Brexit, Women & Gender Equality.

As Brexit begins to unravel our ties to Europe, Britain risks being left behind on gender equality. From equal pay, to the safeguarding of women’s rights in the workplace, much of the progress made towards levelling out the gender playing field is now guaranteed by EU membership. According to Best For Britain (, Brexit threatens to put that hard-won progress at risk.

In the last decade alone, the EU has funded women-led projects in the UK to the tune of £8 billion. But its impact can be measured in far more than just pound signs. The EU has put gender equality at the forefront of its agenda, and as such has played an important role in the protection and advancement of women’s rights.

Left Foot Forward ( has outlined some of the ways the EU benefits women.

Let’s start with maternity leave. Thanks to EU legislation, pregnancy can no longer be grounds for dismissal in the workplace. Pregnant workers are now legally entitled to at least 14 weeks paid maternity leave, as well as the right to take time off from work for family reasons, appointments or when a child gets sick. Importantly, the EU also gives new fathers the right to at least 18 weeks’ paternity leave, helping parents share the load more evenly, and allowing women a much easier return to the workplace.

The EU has long protected against discrimination in the workplace based on gender, advancing the progress of employment rights for women, especially when it comes to equal pay. The EU is a powerful ally as we push for greater representation of women at boardroom level, with the legal pursuit of this equality firmly enshrined in EU law. Going further, the EU has initiated talks to address the imbalance in the amount of unpaid care women do, outlawing discrimination against employees with carer status, or against those with a relationship to a disabled person. With women making up almost 60% of the 6.5 million unpaid carers in the UK, it is women who benefit most from this protection.

EU law has made discrimination against people in the workplace based on their sexual orientation illegal. EU law was instrumental in the decriminalisation of gay sex in Northern Ireland. It was the EU which strengthened the rights of people going through gender reassignment treatment. The UK, as a member of the EU, has strengthened its commitment to progress on LGBT+ rights, but has already stated its intentions to cancel its membership to the all important ECHR, the body responsible for so much progress in this area.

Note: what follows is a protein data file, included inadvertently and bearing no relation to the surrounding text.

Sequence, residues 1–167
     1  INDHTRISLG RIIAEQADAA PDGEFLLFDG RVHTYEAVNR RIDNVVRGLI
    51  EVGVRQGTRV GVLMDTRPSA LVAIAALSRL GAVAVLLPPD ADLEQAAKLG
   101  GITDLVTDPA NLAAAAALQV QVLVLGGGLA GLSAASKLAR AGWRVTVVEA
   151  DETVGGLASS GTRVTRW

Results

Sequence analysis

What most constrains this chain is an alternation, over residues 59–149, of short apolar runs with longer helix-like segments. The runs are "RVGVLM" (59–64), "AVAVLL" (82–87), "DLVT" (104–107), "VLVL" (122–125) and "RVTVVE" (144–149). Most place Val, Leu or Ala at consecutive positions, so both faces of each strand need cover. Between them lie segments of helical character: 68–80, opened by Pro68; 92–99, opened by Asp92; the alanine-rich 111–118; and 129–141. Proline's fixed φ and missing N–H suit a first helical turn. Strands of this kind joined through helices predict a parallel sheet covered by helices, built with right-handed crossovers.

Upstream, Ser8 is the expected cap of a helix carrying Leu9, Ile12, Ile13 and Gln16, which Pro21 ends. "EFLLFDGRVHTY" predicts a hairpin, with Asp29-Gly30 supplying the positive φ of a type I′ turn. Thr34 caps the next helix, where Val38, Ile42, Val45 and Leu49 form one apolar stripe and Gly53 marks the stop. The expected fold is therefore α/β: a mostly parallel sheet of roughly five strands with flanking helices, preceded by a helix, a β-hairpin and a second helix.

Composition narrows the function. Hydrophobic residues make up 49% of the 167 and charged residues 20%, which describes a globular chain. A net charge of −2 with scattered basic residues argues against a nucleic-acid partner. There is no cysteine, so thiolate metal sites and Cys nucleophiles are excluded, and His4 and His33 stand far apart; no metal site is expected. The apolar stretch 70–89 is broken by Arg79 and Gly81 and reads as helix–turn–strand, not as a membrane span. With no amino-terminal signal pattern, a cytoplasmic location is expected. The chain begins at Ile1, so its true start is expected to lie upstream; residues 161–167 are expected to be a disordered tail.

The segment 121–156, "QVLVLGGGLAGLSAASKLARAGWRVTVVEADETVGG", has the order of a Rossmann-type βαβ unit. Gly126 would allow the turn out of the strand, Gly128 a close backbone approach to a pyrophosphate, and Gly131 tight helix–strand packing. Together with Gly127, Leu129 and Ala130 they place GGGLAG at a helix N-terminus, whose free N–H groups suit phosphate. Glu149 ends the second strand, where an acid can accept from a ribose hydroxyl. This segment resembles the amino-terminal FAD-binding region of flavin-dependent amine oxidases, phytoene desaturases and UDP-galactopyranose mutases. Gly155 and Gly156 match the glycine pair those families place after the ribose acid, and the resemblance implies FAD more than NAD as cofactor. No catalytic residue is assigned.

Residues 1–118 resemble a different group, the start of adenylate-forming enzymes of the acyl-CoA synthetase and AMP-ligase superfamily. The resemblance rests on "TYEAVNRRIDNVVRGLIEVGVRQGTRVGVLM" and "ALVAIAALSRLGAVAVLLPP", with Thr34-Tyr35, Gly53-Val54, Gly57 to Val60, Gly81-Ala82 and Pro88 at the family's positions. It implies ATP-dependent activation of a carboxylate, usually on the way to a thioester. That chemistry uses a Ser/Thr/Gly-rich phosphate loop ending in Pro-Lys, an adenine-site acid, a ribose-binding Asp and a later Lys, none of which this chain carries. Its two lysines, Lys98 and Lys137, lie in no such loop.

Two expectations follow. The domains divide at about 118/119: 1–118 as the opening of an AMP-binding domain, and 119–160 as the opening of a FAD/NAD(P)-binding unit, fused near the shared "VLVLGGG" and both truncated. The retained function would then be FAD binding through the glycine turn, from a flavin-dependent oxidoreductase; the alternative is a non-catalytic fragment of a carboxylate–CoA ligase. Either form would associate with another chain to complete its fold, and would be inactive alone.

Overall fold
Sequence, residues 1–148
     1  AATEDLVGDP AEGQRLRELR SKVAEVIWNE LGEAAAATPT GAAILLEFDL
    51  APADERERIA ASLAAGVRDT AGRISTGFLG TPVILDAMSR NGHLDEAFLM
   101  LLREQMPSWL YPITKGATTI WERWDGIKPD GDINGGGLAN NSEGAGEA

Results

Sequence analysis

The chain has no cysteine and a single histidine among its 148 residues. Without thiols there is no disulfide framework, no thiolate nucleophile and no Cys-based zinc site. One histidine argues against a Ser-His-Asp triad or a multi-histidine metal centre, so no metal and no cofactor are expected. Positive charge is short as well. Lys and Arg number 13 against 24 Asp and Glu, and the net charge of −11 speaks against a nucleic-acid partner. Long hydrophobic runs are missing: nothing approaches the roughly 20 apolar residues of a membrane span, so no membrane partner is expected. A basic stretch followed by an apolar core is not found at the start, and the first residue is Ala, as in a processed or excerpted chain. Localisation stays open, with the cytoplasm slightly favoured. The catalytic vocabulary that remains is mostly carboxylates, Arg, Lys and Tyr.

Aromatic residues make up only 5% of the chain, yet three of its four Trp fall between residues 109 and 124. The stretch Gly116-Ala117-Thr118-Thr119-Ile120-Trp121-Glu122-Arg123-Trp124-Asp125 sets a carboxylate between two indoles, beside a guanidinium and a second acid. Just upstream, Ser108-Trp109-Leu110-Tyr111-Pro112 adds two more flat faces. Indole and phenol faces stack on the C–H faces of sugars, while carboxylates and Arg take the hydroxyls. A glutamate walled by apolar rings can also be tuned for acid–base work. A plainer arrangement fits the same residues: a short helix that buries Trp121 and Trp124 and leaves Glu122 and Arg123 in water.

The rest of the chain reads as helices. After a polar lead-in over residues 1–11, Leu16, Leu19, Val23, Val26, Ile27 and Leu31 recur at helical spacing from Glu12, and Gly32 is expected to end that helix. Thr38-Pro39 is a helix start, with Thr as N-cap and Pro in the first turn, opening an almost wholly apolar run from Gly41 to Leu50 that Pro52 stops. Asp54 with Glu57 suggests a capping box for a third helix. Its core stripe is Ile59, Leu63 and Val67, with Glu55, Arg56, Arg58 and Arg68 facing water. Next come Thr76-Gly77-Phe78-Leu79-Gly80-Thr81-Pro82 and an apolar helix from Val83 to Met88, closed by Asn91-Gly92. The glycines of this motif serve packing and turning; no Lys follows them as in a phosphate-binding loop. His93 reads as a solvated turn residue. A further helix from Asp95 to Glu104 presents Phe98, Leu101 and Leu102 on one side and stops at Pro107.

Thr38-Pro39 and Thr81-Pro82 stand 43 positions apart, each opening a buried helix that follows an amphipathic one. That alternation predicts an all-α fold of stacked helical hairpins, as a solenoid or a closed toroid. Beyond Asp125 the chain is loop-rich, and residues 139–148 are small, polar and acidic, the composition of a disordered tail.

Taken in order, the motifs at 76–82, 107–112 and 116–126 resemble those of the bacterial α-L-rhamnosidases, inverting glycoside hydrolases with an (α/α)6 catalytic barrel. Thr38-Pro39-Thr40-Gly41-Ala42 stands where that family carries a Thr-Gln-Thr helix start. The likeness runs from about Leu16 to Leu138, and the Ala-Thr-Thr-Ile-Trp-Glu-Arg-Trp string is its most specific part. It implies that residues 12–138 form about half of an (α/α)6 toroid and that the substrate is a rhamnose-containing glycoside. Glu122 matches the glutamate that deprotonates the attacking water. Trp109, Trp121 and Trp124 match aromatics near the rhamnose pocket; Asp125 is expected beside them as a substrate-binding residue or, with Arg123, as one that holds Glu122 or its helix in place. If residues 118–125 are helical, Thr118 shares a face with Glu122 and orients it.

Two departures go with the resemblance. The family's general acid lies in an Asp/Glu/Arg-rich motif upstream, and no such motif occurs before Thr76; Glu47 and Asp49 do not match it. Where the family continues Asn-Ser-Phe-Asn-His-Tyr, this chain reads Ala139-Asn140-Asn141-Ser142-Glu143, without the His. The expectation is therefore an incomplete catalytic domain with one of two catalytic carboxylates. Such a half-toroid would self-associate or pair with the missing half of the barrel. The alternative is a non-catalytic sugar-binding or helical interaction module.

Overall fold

Societal implications.

Currently, over 75% of NHS staff are women, with more women relying on the NHS and its services than men. With 7,000 nurses and midwives having already left the UK since the European referendum, and with that number set to increase, staff for our hospitals, nurseries and care homes will be in short supply. Statistically, women are four times more likely to leave work to take care of a child or a relative, meaning a larger proportion of women will be forced back in to the home when the care crisis deepens.

According to credible economic forecasts, confidence and investment in Britain will nosedive, the pound will weaken further, interest rates will fall, and a period of stagnated growth will become the norm. With less being brought in from tax and less public investment, job cuts and a blow to public services are likely to follow. As women are overrepresented in sectors at greatest risk of economic downturn, and are already paid over 18% less than men, it’s perhaps fair to assume it is women who will suffer the most. 

Whether Leave or Remain, endangering hard-won women’s rights was not on the ballot. After Brexit, many rights and protected policies could be altered by any future government, without benefitting from the protection of an international court. Whilst it seems unlikely that the UK would seek to undo progress made towards gender equality, a quick look over to America should serve as a warning sign for how misogynistic and regressive politics can quickly go mainstream.